rise or fall quite separately from rising or falling aggregate utilization. As the
usage rate for an individual item begins to rise or fall, the inventory manager
must adjust its balance to avoid running short or ending up with obsolete
items. If the change in the usage rate appears to be permanent, then the base
inventory level should be recomputed, the safety stock should be reconsidered,
and the computer model used in the control process should be reprogrammed.
A relatively new approach to inventory control called just-in-time (JIT)
is gaining popularity in all industries, including health services. To illustrate
the use of just-in-time systems among providers, consider Bayside Memorial
Hospital, which consumes large quantities of medical supplies each year. A
few years ago, the hospital maintained a 25,000 square foot warehouse to
hold its medical supplies. However, as cost pressures mounted, the hospital
closed its warehouse and sold the inventory to a major hospital supplier. Now,
the supplier is a full-time partner of Bayside in ordering and delivering the
products of some 400 hospital supply companies.
The inventory streamlining process began with daily deliveries to the
hospital™s loading dock, but soon expanded to a JIT system called stockless in-
ventory. Now, the supplier ¬lls orders in exact, sometimes small, quantities and
delivers them directly to departments inside the hospital, including the oper-
ating rooms and nursing ¬‚oors. Bayside™s managers estimate that the stockless
system has saved the hospital about $1.5 million a year since it was instituted,
including $350,000 from staff reductions and $650,000 from inventory re-
ductions. Additionally, the hospital has converted space that was previously
used as storerooms to patient care and other cash-generating uses. The distrib-
utors that offer stockless inventory systems typically add 3 to 5 percent service
fees, but many hospitals still can realize savings on total inventory costs.
However, the stockless inventory concept has its own set of problems.
The major concern is that a stock-out, which occurs when a needed inventory
item is not available, will cause a serious problem. In addition, some hospital
managers are concerned that such systems create too much dependence on a
single supplier, and eventually the cost savings will disappear as prices increase
because of the sole-supplier relationship.
510 Healthcare Finance

As stockless inventory systems become more prevalent in hospitals,
more and more hospitals are decreasing their in-house supply chain manage-
ment, or materials management as it is sometimes called, in favor of outside
contractors who assume both inventory management and supplier roles. In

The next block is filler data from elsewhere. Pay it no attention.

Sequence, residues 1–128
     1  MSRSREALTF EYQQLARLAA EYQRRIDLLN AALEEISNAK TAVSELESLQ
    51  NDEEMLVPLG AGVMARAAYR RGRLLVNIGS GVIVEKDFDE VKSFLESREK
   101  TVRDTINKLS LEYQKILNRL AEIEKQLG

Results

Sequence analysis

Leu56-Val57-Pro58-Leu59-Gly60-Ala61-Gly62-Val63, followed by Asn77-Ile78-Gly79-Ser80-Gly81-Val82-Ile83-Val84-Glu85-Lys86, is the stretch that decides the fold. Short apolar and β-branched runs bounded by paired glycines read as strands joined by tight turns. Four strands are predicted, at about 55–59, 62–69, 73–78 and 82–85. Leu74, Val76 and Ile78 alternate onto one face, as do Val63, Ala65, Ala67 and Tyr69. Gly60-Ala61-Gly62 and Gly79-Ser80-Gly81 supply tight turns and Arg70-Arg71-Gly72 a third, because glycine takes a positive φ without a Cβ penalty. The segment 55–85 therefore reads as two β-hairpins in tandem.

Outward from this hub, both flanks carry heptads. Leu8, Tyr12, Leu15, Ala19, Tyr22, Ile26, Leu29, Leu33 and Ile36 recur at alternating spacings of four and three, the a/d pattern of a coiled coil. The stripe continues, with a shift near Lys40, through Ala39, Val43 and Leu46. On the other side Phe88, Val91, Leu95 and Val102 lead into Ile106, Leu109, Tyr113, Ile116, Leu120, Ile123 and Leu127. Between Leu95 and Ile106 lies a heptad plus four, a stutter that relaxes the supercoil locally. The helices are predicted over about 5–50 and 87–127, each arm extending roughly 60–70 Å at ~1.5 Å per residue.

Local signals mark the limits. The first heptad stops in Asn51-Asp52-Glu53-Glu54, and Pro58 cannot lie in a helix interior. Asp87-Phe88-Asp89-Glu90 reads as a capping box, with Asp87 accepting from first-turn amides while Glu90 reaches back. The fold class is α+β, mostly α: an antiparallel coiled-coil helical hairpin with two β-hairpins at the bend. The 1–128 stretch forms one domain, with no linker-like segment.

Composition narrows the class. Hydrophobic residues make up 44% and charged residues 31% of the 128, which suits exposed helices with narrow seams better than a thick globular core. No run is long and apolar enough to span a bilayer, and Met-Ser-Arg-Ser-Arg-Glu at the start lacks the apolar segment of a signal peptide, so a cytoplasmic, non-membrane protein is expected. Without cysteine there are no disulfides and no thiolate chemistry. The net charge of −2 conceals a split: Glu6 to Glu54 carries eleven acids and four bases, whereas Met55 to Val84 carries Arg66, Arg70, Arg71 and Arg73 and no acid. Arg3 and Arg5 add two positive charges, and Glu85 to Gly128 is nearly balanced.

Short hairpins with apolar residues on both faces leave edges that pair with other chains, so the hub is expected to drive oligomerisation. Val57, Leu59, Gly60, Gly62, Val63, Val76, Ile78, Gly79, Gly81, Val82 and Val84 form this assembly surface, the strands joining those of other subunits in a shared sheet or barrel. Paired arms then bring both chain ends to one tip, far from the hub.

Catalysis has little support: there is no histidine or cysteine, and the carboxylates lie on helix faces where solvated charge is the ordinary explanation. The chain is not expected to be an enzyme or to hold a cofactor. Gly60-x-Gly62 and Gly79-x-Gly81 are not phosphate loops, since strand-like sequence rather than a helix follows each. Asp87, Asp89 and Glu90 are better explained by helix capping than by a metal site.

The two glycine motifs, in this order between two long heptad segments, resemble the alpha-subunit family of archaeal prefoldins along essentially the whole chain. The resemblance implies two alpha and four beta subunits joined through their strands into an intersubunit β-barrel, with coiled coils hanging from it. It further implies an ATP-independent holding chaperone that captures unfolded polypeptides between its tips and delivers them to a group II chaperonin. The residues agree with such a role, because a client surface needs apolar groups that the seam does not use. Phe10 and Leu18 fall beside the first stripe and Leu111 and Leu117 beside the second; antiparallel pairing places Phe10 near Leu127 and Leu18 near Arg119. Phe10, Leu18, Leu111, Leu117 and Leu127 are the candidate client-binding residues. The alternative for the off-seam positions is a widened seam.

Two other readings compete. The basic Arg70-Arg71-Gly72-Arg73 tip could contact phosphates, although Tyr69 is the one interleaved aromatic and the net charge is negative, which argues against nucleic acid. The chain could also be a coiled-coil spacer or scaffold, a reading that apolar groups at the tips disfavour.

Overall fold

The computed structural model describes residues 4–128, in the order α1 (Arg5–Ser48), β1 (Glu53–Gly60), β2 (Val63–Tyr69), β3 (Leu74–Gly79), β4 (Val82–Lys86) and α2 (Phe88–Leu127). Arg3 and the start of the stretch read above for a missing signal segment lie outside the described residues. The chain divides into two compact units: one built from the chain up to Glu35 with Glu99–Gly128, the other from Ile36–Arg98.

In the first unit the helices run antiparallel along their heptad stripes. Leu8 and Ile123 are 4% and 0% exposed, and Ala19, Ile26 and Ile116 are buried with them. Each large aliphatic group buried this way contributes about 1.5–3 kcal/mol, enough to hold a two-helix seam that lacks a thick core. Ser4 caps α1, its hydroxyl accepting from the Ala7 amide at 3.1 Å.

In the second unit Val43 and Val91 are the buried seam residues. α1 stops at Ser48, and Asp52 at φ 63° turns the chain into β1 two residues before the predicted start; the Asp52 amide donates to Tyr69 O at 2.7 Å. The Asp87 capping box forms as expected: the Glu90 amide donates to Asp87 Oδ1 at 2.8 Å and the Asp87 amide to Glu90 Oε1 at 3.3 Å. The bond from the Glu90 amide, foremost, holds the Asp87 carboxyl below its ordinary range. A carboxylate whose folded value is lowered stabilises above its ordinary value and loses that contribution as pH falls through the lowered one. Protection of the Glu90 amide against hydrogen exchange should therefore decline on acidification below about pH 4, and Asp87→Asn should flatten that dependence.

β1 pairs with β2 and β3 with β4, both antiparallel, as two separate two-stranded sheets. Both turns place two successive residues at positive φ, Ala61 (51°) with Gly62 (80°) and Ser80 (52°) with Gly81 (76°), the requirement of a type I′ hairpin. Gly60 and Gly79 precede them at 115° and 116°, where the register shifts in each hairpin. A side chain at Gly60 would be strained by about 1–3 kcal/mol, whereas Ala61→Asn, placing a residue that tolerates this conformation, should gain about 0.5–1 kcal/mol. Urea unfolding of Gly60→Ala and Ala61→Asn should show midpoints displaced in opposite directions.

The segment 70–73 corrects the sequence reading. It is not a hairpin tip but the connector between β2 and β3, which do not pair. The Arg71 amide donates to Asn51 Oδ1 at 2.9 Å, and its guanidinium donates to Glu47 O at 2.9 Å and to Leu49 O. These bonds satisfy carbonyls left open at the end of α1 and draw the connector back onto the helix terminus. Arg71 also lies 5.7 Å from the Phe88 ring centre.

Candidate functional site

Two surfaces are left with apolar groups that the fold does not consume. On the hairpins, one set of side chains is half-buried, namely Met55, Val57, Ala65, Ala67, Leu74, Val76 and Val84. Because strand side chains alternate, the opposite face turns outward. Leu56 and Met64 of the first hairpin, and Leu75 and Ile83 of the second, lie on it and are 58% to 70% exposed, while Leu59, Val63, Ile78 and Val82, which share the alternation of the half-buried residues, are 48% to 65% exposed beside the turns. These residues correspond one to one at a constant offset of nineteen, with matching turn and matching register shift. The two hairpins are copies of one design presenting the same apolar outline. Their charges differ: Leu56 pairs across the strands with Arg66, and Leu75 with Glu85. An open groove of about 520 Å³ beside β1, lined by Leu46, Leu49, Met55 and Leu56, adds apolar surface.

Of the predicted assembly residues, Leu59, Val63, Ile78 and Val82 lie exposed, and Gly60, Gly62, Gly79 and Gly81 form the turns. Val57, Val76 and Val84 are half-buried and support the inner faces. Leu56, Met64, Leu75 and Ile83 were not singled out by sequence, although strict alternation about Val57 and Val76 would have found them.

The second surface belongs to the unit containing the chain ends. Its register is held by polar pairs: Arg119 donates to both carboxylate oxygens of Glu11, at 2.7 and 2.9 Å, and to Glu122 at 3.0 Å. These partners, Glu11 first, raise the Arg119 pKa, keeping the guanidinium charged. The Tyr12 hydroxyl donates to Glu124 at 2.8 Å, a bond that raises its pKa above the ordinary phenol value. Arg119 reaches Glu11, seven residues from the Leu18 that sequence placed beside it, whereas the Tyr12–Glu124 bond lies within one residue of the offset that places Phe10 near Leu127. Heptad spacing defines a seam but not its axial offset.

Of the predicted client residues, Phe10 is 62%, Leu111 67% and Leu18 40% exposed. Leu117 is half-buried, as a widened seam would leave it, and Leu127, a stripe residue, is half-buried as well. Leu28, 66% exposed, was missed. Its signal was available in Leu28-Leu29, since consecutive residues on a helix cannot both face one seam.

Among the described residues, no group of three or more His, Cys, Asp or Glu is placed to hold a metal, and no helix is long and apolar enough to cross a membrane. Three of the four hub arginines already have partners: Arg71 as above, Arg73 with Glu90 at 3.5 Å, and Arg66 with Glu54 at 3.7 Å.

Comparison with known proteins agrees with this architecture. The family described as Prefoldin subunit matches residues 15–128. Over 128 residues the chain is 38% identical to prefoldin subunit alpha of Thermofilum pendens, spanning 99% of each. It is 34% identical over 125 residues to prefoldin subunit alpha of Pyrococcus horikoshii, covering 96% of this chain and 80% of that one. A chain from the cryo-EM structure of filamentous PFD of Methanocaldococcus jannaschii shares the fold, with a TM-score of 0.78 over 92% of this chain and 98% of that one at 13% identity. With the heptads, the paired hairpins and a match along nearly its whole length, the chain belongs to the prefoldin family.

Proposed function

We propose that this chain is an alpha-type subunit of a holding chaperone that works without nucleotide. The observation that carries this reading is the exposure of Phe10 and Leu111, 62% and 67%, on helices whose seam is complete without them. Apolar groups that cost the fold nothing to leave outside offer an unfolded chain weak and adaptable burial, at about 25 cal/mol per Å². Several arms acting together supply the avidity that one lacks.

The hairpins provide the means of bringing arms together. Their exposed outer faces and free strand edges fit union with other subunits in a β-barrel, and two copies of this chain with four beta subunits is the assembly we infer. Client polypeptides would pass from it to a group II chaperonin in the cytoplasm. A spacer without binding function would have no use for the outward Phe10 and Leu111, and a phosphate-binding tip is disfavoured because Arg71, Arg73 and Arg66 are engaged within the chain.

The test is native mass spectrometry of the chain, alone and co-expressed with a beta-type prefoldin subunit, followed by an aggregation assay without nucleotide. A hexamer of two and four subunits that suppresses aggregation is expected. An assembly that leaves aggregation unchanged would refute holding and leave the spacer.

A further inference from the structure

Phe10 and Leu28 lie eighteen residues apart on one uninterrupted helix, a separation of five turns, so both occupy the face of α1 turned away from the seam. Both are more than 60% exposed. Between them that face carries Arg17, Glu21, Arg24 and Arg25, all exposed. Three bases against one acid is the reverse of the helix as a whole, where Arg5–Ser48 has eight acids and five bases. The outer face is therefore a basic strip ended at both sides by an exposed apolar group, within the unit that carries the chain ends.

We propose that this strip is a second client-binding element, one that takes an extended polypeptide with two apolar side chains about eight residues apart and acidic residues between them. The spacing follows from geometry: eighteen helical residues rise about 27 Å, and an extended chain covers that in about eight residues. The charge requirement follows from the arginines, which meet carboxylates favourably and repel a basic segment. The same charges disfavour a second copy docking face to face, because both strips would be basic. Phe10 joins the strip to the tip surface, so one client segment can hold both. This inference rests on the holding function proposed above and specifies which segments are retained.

effect, hospitals are beginning to outsource inventory management. For ex-
ample, some hospitals are experimenting with an inventory management pro-
gram known as point-of-service distribution, which is one generation ahead
of stockless systems. Under point-of-service programs, the supplier delivers
supplies, intravenous solutions, medical forms, and so on to the supply rooms.
The supplier owns the products in the supply rooms until used by the hospital,
at which time the hospital pays for the items.
In addition to reducing inventories, outside inventory managers are
often better at ferreting out waste than are their in-house counterparts. For
example, an inventory management company recently found that one hospital
was spending $600 for products used in open heart surgery, while another was
spending only $420. Because there was no meaningful difference in the pro-
cedure or outcomes, the higher-cost hospital was able to change the medical
devices used in the surgery and pocket the difference.
In an even more advanced form of inventory management, some hos-
pitals are just beginning to negotiate with suppliers to furnish materials on
the basis of how much medical care is delivered, rather than the type and
number of products used. In such agreements, providers pay suppliers a set
fee for each unit of patient service provided”for example, $125 for each case-
mix-adjusted patient day. Under this type of system, a hospital ties its supplies
expenditures to its revenues, which, at least for now, are for the most part
tied to the number of units of patient service. The end of the evolution of
inventory management techniques for healthcare providers is expected to be
some form of capitated payment, whereby providers will pay suppliers a pre-
viously agreed-upon fee, regardless of actual future patient volume and hence
regardless of the amount of materials actually consumed.

Self-Test 1. Why is good supply chain management important to a ¬rm™s success?
Questions 2. Describe some recent trends in inventory management by healthcare

Short-Term Financing
Chapters 11, 12, and 13 focused on long-term ¬nancing decisions. However,
as pointed out in the introduction to Chapter 11, healthcare providers use 5
percent short-term debt in their total ¬nancing mix, typically to fund short-